A 1957 cupro-nickel two-shilling coin. Also known as a florin or a two-bob bit. This coin featuring Queen Elizabeth was issued after she came to the throne in 1953 following the death of her father King George VI. When a monarch dies the coin featuring their portrait is gradually removed from circulation and is replaced with the new monarch’s portrait. A tradition since Charles II reign has it that each new coin issued for a new monarch must have their portrait facing the opposite direction to their predecessor. King George VI coins had his portrait facing left and Queen Elizabeth II continued this tradition with her portrait on coins facing right. However, on stamps Queen Elizabeth’s portrait is to the left.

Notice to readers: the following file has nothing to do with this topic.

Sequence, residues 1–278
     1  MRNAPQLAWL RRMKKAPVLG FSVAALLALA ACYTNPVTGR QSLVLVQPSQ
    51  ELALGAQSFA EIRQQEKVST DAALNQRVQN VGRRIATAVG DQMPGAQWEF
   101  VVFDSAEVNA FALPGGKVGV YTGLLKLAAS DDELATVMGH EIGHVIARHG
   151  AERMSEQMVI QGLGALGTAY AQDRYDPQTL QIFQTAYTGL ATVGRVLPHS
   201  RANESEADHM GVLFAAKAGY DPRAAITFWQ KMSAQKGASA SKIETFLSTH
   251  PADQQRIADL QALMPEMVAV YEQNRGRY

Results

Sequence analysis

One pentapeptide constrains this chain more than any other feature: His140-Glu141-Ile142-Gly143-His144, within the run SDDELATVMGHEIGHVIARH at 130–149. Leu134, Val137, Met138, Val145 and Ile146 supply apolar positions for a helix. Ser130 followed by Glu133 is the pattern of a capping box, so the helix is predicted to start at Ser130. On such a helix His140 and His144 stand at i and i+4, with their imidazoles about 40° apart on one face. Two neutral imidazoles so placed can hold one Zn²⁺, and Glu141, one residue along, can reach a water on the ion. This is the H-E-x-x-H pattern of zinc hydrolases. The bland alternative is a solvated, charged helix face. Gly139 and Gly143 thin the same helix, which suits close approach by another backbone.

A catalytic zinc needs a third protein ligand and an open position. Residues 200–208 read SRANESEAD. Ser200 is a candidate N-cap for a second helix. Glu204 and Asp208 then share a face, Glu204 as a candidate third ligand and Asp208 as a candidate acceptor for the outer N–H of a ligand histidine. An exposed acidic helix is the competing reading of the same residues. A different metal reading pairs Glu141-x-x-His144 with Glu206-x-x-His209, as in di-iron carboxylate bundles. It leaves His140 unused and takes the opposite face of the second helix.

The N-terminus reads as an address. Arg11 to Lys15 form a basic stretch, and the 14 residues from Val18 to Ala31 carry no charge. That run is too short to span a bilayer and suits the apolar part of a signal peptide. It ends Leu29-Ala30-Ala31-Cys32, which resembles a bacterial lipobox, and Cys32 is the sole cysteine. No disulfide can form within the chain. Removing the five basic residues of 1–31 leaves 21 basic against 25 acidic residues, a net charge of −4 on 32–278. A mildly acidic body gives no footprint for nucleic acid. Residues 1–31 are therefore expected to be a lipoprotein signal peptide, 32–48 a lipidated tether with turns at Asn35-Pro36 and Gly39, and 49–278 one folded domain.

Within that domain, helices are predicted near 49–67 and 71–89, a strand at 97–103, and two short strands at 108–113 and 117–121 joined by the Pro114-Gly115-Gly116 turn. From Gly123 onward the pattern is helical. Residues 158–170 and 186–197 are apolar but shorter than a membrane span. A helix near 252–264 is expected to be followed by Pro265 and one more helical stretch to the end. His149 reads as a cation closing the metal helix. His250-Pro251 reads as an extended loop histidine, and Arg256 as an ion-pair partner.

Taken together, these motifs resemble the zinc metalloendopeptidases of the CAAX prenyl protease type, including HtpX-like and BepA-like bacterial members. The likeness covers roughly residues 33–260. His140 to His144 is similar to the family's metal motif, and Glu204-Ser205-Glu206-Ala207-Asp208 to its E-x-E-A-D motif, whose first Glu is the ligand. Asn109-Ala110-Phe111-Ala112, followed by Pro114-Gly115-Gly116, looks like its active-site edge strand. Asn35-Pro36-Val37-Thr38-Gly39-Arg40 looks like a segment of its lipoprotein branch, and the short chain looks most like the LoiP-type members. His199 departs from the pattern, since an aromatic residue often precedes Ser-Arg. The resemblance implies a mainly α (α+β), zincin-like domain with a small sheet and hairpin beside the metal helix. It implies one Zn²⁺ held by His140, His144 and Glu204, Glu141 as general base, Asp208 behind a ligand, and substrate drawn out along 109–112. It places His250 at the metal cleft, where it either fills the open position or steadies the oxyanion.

This coin shows a young Queen Elizabeth at aged 26 years old with her hair tied back from her face. Later coins featuring the Queen show her wearing a crown and on later coins earrings. The earlier portrait of Elizabeth II without the crown still appears on Maundy money each year. This coin has the Latin Inscription ELIZABETH II DEI GRATIA REGINA meaning “By the Grace of God, Queen”. On the reverse is the Tudor rose surrounded by the Scottish thistle, the Welsh leek and the Irish shamrock. The position of the Queen as the Head of the Church of England is inscribed with the words “FID” and “DEF” stands for Fidei Defensor or the Defender of the Faith.
The History of the two-shilling coin:
The shilling was originally called a Testoon and was first introduced to the United Kingdom in 1502 by Henry VII. In the first instance the two-shilling coin was minted in silver but when silver became too expensive this was reduced to 75% copper and 25% nickel.
The two-shilling coin was in circulation from 1849 until 1967 and was worth one tenth of a pound or twenty-four old pence. Pounds, shillings & pence were replaced by new currency on 15th February 1971.